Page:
The pups up here on the 13th floor are too young to remember the post-Watergate bumper sticker, "Don't Blame Me, I'm From Massachusetts." Massachusetts, you see, was the only state that didn't support Richard M. Nixon's 1972 re-election bid.
But everyone understands that Massachusetts is the bluest of blue states, the home both to Kennedys and gay marriages. That's what has made Republican Governor Mitt Romney's presidential hopes interesting to think about.
Democrats have had a lock on the Northeast in recent presidential elections, but Romney promises to pick that lock. Republicans, after all, govern New York and five of the six New England states (CORRECTION BELOW IN COMMENTS SECTION). They've done that by appealing to moderates and taking a soft stand on social issues.
But Romney is presenting a different face in the early-primary states, assuring GOP faithful in places like Iowa and South Carolina that he stands with them against Massachusetts heresies such as gay marriage and stem-cell research. But this road leads to some uncomfortable contortions.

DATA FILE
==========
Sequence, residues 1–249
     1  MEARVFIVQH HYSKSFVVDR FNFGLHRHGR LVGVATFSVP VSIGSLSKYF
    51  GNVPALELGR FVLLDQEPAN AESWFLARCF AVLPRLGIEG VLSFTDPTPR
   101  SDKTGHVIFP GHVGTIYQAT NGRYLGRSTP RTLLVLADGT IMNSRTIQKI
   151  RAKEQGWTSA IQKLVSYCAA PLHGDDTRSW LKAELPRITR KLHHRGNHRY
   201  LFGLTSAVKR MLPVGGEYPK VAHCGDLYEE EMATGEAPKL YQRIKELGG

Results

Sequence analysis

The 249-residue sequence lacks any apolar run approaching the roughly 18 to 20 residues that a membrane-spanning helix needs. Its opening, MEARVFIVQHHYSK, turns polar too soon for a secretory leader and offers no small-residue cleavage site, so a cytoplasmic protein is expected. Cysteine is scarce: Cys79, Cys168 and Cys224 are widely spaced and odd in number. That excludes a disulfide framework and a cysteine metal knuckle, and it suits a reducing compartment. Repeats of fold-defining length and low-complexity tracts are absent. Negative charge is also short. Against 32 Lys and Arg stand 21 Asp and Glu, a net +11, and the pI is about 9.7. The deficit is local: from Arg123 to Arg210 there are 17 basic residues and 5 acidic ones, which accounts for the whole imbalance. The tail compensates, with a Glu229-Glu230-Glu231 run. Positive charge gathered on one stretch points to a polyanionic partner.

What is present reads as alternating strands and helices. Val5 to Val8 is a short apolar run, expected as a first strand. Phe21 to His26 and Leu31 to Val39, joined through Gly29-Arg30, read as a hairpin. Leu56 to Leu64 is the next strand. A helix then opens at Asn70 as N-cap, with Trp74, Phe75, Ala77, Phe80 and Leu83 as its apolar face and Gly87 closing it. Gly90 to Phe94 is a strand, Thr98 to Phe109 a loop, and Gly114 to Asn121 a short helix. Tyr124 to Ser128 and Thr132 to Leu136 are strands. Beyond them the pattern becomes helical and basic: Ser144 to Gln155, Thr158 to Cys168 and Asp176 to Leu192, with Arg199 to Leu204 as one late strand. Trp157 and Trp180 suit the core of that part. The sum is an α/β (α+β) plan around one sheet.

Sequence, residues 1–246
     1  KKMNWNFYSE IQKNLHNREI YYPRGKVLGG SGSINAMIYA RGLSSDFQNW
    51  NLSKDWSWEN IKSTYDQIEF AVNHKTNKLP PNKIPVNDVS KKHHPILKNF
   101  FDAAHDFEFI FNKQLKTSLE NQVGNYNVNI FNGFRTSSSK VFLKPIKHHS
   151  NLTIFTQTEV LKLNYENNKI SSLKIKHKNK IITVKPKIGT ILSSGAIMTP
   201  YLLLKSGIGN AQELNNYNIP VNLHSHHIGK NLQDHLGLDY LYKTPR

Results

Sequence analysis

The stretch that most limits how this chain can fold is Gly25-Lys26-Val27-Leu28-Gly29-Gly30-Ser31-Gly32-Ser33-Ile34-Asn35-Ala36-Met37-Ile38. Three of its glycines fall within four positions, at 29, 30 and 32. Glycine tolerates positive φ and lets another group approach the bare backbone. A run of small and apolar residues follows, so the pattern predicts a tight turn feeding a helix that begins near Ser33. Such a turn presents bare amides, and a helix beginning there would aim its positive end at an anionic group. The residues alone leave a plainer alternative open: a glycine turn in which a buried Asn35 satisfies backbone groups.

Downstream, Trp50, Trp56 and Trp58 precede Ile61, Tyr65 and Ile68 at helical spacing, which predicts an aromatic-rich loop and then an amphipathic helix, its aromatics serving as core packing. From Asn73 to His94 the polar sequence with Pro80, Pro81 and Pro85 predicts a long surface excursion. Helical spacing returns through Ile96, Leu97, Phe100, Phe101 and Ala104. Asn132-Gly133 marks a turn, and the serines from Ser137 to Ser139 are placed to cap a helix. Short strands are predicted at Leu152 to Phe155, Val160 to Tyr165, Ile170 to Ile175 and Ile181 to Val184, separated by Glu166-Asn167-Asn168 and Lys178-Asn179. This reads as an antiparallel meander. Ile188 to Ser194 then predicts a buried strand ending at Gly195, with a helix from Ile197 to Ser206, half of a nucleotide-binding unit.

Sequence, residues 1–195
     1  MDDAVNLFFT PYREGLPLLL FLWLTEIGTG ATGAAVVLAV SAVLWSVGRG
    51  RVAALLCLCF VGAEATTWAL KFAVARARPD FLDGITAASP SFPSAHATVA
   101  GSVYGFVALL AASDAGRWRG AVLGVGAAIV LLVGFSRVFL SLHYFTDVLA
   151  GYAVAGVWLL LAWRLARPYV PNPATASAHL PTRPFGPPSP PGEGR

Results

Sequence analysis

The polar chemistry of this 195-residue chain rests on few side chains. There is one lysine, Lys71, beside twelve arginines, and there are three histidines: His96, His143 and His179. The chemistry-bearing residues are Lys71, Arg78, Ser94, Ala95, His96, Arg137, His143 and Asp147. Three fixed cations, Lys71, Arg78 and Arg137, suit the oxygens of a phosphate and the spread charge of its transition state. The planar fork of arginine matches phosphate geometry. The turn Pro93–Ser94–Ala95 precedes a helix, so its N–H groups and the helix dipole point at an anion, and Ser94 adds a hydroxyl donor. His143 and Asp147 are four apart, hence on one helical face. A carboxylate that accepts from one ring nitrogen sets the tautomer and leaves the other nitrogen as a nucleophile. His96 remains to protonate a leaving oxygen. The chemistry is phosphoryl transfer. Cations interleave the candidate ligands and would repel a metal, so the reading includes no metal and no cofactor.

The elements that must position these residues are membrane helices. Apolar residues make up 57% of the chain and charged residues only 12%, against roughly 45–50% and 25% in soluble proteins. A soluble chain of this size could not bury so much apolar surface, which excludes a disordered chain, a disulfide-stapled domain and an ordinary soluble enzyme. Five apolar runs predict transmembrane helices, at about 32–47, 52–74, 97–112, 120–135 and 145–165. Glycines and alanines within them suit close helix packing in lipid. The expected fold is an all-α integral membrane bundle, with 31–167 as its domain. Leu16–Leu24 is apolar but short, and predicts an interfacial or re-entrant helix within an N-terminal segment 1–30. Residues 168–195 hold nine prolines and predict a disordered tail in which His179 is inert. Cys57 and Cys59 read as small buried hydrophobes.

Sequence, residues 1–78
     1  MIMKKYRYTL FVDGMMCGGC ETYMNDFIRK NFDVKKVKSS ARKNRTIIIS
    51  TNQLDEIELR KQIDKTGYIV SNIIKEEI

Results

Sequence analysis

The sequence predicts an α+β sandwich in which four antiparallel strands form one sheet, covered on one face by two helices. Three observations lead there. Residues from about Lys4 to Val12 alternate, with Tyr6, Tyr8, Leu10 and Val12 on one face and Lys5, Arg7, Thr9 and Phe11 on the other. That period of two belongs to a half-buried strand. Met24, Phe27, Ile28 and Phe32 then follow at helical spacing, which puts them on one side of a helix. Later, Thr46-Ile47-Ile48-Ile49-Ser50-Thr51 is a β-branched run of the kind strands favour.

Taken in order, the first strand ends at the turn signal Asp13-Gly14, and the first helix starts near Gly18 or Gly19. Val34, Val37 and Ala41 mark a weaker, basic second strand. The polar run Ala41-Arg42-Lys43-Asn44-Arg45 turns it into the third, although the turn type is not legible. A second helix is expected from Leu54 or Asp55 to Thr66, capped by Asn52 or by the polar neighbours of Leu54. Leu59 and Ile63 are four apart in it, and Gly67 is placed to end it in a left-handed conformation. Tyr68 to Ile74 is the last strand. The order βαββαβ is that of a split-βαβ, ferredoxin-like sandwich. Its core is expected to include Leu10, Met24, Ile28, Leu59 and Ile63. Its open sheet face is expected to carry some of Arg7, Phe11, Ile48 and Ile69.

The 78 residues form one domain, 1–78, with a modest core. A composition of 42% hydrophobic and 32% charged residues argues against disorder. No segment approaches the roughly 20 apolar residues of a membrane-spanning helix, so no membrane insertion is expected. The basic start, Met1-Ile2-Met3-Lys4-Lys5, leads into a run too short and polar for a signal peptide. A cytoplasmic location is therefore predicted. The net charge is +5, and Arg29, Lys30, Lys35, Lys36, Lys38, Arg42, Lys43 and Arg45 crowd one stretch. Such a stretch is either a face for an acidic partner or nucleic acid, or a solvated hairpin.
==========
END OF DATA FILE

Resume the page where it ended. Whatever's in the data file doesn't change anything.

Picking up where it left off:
Romney is the latest of a surprisingly long series of Republicans who have governed Massachusetts. No Democrat has been hired for the job since -- yikes! -- Michael Dukakis back in the eighties. The Welds and Celluccis have tried hard to play well with the dominant Democratic establishment, yet still had their problems.
Romney, by contrast, has been consistently confrontational against Democrats. Voters punished this behavior last year by stripping the legislature of some of the few Republicans they'd previously let in.
Now the governor is going around the country and putting distance not only between himself and his state's policies, but his state as well. Most politicians seeking federal office brag about their desire to bring "Texas values" or "Virginia values" to Washington, but Romney has been openly mocking his adopted home state, making remarks like, "Being a conservative Republican in Massachusetts is a bit like being a cattle rancher at a vegetarian convention."
As the Washington Post reports, such statements have not exactly endeared him back home at vegetarian convention headquarters. And the fact remains that Romney's first job is to woo those same voters next year when he's up for re-election as governor. If he can't get re-elected as top Republican in Massachusetts, he'll never be the pick of his party nationwide.